The first World Mind Sports Games (WMSG) were held in Beijing, China from October 3 to 18, 2008, about two months after the Olympic Games. They were sponsored and organised by the International Mind Sports Association with the General Administration of Sport of China and the Beijing Municipal Bureau of Sport.
Five mind sports participated in the first Games: bridge, chess, draughts (checkers), go (weiqi), and xiangqi (Chinese chess). Thirty-five gold medals were contested by 2,763 competitors from 143 countries.
According to the World Bridge Federation, it incorporated the World Team Olympiad (1960–2004) and some established youth events in the Games "as the stepping stone on the path of introducing a third kind of Olympic Games (after the 'regular' Olympics and the Paralympics)".
- Main article: Bridge at the 1st World Mind Sports Games
The World Bridge Federation organized eleven events in Beijing that constituted the "World Bridge Games" including nine WMSG medal events. Six were among the established world bridge championships contested in even-number years.[lower-alpha 1] The other three were for "youth" under age 28, a one-time compromise.[lower-alpha 2] More than 1400 players participated, about half of all players in the Games. Entries from European Bridge League countries[lower-alpha 3] won 22 of the 27 medals, led by Norway with six medals including two gold.
|Open Teams||Template:Flagicon Italy||Template:Flagicon England||Template:Flagicon Norway|
|Women Teams||Template:Flagicon England||Template:Flagicon China||Template:Flagicon USA|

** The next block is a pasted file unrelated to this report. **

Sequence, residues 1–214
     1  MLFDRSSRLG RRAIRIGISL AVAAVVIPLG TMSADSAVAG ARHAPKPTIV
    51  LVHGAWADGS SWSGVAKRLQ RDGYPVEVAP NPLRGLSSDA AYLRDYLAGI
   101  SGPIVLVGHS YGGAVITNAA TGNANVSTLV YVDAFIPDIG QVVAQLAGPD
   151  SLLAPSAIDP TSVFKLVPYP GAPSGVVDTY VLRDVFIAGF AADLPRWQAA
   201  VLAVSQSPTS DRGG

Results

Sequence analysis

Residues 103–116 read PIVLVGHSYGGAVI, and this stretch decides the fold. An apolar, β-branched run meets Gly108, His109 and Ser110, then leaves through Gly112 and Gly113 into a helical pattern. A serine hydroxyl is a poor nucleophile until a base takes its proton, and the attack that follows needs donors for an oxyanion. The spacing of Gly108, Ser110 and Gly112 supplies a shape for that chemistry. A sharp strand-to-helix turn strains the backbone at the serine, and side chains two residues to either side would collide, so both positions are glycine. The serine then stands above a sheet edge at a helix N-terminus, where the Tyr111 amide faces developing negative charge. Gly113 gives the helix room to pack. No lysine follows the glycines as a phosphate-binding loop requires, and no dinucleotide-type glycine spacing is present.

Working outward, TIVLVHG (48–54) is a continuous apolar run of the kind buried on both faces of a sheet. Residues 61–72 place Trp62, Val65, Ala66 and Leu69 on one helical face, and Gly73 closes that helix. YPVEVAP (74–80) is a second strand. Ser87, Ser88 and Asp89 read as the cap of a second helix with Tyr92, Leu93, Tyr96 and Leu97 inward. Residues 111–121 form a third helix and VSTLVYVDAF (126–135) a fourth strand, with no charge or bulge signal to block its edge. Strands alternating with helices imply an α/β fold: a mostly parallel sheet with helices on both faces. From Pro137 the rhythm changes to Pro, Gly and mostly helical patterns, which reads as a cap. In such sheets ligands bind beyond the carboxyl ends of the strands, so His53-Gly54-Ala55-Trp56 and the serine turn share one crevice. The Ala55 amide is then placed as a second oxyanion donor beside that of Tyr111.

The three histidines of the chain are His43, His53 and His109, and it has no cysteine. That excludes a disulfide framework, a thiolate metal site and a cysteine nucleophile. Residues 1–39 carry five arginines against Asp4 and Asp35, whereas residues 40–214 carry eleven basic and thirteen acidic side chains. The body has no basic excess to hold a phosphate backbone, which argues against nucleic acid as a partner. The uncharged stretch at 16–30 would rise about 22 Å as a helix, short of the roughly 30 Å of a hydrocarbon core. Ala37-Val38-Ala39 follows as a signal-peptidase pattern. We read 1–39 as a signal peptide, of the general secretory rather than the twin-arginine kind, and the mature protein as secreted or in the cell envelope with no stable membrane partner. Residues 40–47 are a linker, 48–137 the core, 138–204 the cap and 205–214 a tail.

|Open Individual||Template:Flagicon Tor Helness||Template:Flagicon Geir Helgemo||Template:Flagicon Andrey Gromov|
|Women Individual||Template:Flagicon Catarina Midskog||Template:Flagicon Anne-Fréderique Lévy||Template:Flagicon Yan Ru|
|Youth Individual||Template:Flagicon Salih Murat Anter||Template:Flagicon Radu Nistor||Template:Flagicon Lars Arthur Johansen|
|Youth Pairs||Template:Flagicon Mehmet Remzi Şakirler / Melih Osman Şen||Template:Flagicon Lotan Fisher / Ron Haim Schwartz||Template:Flagicon Joanna Krawczyk / Piotr Tuczyński|
|under-28 Teams||Template:Flagicon Norway||Template:Flagicon Poland||Template:Flagicon China|
|under-26 Teams||Template:Flagicon Denmark||Template:Flagicon Poland||Template:Flagicon Norway|
|under-21 Teams||Template:Flagicon France||Template:Flagicon England||Template:Flagicon China|
Two other events were continued by the WBF from its quadrennial "Olympiad" program, as part of its new "World Bridge Games" but separate from the WMSG (non-medal events sharing the facilities). Japan won the third Senior International Cup, for national teams of seniors (age 58+). 'Yeh Bros' from Chinese Taipei won the second Transnational Mixed Teams, for teams of any nationality comprising mixed pairs, one man and one woman.
- Main article: Chess at the 1st World Mind Sports Games
- Main article: Draughts at the 1st World Mind Sports Games
Under the auspices of the World Draughts Federation 288 players participated in five medal events in Beijing. There was a strong regional showing as twelve of the fifteen medals were won by players from Russia, Latvia, Moldova, and Ukraine.
|International Draughts 100sq (Men)||Template:Flagicon Alexander Georgiev||Template:Flagicon Alexander Getmanski||Template:Flagicon Guntis Valneris|
|International Draughts 100sq (Women)||Template:Flagicon Zoja Golubeva||Template:Flagicon Tanja Chub||Template:Flagicon Tamara Tansykkuzhina|
|Russian Draughts 64sq (Women)||Template:FlagiconViktoriya Motrichko||Template:FlagiconElena Miskova||Template:Flagicon Julia Romanskaia|
|Brazilian Draughts 64sq (Men)||Template:Flagicon Dashkov Oleg||Template:Flagicon Ion Dosca||Template:Flagicon Belosheev Sergey|